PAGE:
Thanks for stopping by. I’ll stand by that comment. Please understand that when I saw serviceable, I don’t mean “bad”. I just don’t think that there’s anything too special about the art. It’s fine, but I think any professional comic artist could have turned out an issue that worked just about as well, especially when you consider how much direction Alan Moore typically gives his artist. Is there something that you thought was really something cool that I’m overlooking?

  • I agree with Josey about the dialogue—I had trouble with it in issue one too.

    But I also agree with dfstell’s review here (thanks for pointing me to it). Because the +The Courtyard+ and issue one are so “slow” to develop, the ending of issue 2 shocked me.

    I am pretty desensitized myself, but I WAS caught off guard (note to self: do not read future issues on airplanes).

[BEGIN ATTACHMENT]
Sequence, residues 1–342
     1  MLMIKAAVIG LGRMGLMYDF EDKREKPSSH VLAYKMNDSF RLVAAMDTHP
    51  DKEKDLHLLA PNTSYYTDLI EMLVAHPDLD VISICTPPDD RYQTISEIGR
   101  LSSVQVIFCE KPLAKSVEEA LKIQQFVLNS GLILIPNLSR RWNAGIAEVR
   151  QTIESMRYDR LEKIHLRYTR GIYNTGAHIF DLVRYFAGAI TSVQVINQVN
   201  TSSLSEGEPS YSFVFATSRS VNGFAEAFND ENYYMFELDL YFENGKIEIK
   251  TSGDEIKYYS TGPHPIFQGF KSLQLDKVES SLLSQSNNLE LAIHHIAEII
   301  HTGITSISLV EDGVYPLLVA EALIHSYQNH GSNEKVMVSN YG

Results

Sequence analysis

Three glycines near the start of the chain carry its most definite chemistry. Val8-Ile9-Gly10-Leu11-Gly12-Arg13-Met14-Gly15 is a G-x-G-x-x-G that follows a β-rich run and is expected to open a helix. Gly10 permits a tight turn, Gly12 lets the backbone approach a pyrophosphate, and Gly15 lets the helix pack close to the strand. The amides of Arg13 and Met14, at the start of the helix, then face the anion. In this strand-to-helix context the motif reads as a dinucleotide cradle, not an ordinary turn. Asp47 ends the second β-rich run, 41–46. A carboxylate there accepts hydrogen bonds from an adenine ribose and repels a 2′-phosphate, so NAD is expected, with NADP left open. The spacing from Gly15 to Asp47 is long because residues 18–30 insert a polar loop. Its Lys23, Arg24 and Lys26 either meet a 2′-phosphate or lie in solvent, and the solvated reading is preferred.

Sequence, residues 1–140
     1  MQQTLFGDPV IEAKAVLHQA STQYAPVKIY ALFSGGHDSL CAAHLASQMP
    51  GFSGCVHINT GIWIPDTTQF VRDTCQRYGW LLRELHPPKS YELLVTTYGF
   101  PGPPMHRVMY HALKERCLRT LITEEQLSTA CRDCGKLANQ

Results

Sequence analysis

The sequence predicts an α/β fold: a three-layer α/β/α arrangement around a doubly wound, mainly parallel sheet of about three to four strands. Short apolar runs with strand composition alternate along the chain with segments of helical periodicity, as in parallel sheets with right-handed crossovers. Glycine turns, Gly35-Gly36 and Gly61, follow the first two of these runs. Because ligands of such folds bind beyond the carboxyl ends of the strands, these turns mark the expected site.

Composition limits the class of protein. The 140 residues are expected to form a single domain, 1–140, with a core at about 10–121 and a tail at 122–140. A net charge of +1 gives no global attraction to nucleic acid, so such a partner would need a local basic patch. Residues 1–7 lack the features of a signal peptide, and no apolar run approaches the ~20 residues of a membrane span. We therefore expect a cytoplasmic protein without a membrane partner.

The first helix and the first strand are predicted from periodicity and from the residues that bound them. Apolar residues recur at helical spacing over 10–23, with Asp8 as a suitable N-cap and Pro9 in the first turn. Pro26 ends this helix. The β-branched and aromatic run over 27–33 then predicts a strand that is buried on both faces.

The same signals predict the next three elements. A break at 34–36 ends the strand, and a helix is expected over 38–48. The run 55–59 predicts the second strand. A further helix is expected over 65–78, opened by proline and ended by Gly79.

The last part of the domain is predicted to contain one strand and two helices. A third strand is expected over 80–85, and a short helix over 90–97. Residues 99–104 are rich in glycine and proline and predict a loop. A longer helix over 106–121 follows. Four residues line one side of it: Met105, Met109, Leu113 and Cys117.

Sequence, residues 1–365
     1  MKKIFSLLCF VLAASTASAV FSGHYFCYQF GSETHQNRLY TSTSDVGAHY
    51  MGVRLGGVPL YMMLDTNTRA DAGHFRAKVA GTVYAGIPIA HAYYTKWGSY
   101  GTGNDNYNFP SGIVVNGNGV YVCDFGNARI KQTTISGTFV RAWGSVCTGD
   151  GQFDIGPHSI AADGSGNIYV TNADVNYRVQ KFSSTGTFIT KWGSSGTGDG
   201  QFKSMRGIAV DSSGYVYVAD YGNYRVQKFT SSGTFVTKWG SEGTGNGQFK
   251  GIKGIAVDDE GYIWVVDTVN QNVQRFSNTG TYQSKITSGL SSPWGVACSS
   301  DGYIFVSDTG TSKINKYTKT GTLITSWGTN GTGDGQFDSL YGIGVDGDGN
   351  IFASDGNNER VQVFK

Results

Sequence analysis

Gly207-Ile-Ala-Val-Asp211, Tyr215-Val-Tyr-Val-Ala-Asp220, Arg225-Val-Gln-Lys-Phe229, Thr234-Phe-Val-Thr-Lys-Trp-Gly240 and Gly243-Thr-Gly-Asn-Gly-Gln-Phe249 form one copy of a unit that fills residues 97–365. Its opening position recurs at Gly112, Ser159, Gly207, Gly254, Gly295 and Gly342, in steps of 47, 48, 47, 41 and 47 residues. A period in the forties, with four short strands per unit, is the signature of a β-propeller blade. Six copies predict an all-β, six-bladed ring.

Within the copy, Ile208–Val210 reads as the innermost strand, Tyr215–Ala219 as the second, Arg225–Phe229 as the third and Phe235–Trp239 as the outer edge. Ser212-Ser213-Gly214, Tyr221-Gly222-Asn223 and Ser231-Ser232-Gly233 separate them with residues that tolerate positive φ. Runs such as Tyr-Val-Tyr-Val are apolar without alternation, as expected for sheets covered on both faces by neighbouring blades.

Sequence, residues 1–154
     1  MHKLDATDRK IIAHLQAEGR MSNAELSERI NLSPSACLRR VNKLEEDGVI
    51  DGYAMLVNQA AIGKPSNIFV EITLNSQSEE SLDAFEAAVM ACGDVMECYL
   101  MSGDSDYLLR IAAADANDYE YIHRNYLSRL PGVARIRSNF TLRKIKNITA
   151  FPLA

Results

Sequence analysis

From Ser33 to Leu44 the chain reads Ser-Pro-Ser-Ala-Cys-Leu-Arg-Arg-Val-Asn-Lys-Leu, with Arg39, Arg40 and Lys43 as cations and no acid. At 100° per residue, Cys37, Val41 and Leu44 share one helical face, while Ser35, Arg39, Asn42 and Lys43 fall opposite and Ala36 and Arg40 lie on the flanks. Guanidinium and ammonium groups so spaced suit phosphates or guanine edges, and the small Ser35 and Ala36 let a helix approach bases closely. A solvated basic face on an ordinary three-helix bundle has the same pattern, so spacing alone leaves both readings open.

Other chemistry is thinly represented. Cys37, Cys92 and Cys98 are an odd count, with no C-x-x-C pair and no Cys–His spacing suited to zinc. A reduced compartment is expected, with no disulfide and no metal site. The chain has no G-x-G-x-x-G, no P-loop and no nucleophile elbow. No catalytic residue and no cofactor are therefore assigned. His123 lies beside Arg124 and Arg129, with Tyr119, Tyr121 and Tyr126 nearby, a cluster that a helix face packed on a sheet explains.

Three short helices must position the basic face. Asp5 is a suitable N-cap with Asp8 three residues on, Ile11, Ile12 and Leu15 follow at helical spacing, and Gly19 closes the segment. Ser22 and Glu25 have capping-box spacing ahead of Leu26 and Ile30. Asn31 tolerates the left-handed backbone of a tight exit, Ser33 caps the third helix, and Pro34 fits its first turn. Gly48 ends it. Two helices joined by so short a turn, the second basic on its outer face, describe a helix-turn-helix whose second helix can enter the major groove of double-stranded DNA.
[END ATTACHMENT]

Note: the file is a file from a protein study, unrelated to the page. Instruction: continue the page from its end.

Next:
What I’m not quite sure to do with is the racism stuff at the end—the hook was Lovecraft’s obvious prejudice, but it doesn’t make sense to me a contemporary cult would . . . well, whatever. I’m just rambling.

    Good review.

    • dfstell

      Hey Josh,

      Glad you found this review too. My big thing is that I read non-Marvel/DC comics to see artists being creative and pushing the envelope. I would never want to see this sort of thing in a Captain America story, but by the same token….I hate it when an Image book reads as tamely as a Marvel book. I enjoy both but have very different expectations.

      LOL….can’t imagine you were able to finish this on the plane. You must have had to put it away and get it out in the privacy of your own home later. 🙂